I’ve never heard a hospice patient say, “I wish I’d bought more stuff,” but I have heard, “I wish we’d done the travelling we always talked about doing.” It might not be an around-the-world cruise, but what about the one, two or three-day getaways? What about a drive up the road for a picnic, or just a day in the country or at the beach? We have a grove of scraggly alders around the corner from our house, hardly more than tall weeds, and I used to joke with my husband, “We could hide away in there someday and have a picnic! We could pretend we’re in the forest!” It wouldn’t have been “travel”, but it would have changed our routine.
I’ve never heard a hospice patient say, “I wish I hadn’t taken any chances,” but, I have heard, “I wonder what would have happened if I’d tried this or that, I wish I’d taken more risks.” So, go for it, if you can. Take that chance. See what might happen. You won’t be saying “I wonder what if . . . “, at the end of your life. Take a painting or drawing class, or buy some paper and charcoal pencils; maybe you’re good, and it’d be fun! You can never know where a hobby might lead. Enjoyment for the sake of enjoyment, or perhaps an avocation, even a new vocation!
I’ve never heard a hospice patient say, “I’m glad I did what everybody else thought I should do,” but, I have heard, “I wish I’d followed my heart.” Work consumes a huge amount of our allotted time in this life, and what a pity to spend it doing what you hate, unless it’s unavoidable. So your parents wanted to you be a lawyer, and you went into law, but do you like it? Does it bring passion and satisfaction to your life? Is there something else that you’ve always wanted to try, maybe even as an avocation? Maybe you could test it out, play at it. Find some time to dabble.
I’ve never heard a hospice patient say, “I wish I’d talked more,” or “I wish I’d held my thoughts and feelings in more”; but, I have heard, “I wish I’d listened more,” and “I wish I’d done more storytelling with my children and grandchildren. I wish I’d had the courage to say what I really thought.” It’s never too late to begin to listen. Ask your children or grandchildren to make up a story and share it with you; it could be amazing! It’s never too late to begin storytelling. A family member may recall those things you’ve shared and begin a family tradition or rituals built around those stories. Lessons learned and passed on to children can begin with storytelling, then passed down through generations. Parents’ mistakes need not be repeated, the lessons need not be relearned, if shared with our children and grandchildren.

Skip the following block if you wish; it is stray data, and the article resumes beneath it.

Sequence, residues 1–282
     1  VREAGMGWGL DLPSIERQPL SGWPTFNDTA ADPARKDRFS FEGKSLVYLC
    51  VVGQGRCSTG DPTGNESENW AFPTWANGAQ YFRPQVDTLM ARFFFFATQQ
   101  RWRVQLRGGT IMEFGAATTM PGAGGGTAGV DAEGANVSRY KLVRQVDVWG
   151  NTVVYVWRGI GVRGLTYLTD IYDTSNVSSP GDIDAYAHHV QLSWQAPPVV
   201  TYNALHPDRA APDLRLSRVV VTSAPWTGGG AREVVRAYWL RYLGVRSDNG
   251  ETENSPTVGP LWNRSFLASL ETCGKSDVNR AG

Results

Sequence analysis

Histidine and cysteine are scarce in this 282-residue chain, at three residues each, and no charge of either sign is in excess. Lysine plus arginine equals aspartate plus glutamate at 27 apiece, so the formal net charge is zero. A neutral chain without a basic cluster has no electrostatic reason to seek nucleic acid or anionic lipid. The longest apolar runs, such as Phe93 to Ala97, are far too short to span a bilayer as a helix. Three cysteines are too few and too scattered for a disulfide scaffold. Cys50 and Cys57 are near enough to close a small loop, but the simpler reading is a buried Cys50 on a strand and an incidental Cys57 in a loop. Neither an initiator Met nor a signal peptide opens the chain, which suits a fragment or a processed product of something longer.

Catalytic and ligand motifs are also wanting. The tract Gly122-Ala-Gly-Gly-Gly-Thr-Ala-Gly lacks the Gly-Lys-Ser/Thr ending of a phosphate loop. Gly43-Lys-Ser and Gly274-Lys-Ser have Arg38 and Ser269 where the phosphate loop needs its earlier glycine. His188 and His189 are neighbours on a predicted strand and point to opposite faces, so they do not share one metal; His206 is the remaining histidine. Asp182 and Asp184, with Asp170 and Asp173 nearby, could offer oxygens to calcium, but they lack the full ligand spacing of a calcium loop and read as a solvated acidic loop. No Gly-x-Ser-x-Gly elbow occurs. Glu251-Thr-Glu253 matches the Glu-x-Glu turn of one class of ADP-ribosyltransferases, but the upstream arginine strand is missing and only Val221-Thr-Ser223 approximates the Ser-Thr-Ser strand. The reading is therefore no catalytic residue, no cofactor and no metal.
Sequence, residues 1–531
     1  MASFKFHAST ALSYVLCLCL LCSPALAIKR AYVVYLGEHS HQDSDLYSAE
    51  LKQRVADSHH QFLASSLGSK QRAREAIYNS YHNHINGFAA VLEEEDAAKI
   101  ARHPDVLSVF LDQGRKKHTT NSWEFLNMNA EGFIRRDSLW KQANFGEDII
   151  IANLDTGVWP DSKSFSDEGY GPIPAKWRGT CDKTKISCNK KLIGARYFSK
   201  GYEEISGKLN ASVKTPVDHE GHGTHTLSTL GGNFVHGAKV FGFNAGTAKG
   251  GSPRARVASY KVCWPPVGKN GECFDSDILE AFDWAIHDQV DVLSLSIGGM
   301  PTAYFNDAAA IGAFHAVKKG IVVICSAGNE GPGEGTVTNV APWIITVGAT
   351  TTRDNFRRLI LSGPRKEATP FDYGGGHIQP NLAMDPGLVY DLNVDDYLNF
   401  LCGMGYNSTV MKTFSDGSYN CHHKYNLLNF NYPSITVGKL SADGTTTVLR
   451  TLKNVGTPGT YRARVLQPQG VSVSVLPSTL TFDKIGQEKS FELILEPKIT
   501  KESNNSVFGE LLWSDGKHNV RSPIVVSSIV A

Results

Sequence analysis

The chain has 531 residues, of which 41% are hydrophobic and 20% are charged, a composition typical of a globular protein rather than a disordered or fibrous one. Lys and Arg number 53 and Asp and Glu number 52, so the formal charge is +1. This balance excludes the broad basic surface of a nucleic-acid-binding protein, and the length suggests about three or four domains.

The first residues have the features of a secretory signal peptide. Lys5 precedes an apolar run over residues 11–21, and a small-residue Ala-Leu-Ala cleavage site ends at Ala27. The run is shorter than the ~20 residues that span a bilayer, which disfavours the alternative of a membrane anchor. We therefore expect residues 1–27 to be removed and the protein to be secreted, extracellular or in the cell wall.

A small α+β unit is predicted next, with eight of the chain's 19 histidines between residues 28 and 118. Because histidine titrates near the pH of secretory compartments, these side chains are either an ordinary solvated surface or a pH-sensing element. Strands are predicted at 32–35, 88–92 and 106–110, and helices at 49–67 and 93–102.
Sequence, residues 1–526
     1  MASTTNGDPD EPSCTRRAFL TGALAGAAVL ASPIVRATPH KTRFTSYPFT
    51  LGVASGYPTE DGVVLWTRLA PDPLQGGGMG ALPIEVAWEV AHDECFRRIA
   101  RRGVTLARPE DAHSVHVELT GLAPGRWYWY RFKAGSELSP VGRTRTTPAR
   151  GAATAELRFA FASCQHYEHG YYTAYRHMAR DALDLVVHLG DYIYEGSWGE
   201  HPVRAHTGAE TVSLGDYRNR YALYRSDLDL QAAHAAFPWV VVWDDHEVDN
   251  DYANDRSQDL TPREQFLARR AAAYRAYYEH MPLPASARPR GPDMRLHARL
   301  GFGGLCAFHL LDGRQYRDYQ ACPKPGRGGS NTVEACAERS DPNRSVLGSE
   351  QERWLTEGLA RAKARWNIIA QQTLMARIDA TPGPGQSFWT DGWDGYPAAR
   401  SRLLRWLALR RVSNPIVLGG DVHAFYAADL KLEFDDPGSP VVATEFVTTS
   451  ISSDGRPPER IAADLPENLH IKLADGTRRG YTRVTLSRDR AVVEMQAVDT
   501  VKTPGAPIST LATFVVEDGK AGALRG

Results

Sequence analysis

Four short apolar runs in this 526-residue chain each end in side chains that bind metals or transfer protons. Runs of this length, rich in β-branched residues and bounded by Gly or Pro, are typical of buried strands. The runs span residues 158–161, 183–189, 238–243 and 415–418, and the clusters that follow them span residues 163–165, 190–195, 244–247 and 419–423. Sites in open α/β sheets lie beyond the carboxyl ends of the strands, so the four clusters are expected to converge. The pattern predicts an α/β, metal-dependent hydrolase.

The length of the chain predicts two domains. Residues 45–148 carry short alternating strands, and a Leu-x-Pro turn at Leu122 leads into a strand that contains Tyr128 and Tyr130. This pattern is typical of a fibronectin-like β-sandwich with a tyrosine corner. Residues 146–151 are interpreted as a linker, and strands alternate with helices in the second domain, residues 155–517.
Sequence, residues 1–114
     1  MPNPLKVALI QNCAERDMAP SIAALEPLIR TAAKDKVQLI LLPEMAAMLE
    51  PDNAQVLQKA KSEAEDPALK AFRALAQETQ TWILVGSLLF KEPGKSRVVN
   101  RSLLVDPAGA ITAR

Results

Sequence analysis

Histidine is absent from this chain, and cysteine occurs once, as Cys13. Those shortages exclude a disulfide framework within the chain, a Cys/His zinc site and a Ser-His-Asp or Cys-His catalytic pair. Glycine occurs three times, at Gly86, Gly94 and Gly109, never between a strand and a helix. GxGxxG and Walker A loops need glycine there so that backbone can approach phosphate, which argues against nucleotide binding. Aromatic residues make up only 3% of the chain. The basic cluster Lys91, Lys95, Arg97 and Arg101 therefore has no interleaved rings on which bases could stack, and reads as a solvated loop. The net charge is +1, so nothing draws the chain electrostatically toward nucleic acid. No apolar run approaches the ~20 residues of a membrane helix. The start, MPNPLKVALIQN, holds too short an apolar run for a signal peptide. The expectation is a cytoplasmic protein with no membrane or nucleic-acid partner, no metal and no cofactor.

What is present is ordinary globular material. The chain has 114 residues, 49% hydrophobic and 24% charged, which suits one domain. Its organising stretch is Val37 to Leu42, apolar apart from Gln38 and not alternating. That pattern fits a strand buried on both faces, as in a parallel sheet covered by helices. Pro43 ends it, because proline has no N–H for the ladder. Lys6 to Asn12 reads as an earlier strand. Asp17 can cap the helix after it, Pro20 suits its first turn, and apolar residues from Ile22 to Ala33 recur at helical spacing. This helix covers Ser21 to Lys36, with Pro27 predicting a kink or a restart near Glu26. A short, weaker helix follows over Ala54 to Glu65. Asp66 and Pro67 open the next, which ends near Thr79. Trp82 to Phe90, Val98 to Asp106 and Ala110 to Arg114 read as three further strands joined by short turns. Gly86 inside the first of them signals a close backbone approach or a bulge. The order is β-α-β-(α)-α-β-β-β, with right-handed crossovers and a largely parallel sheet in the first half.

I’ve never heard a hospice patient say, “I wish I’d spent more time indoors watching television and playing games on the computer,” but, I have heard, “I wish I’d spent more time enjoying the outdoors, playing, or just sitting and enjoying the sunset”. Lethargy and boredom can be numbing. Isolation from other people, limiting and lonely. We miss so much if we hide away from others, if we close ourselves off from contact with nature. Can you imagine living an entire life, never watching a sunset or sunrise? Can you imagine never building a snowman, or watching children build one? Never watching the snow fall? Never watching a storm, storm, or the rain pour in torrents? Run outside on a warmish, rainy, spring day, get wet, stomp through mud puddles, close your eyes, open your mouth and let the water run down your face. You will dry. Lay down in the snow and make snow angels. Notice the sensations, feel the world around you.
I’ve never heard a hospice patient say, “I wish I’d been a hermit. I wish I hadn’t known so many people.” Get curious about what makes a person who they are, where they came from, why do they think the way they do? Get someone talking about themselves, and listen. It can be fascinating. With billions of people in the world, it’s mind-boggling to think that each person is unique: how can there be that many different personalities?
I’ve never heard a hospice patient say, “I wish I’d been more serious. I wish I hadn’t laughed so much.” There’s a time to be serious. But, there’s also time for levity, for humor, for telling stories on oneself. The most embarrassing moments can, in time, become the most entertaining things to tell.
So, remember, priority one is always to keep breathing. But next to that, is passion. Listen to it, follow it, do it. It’s the best way I know of to live a life fulfilled.
©Janet Mitchell, October 2011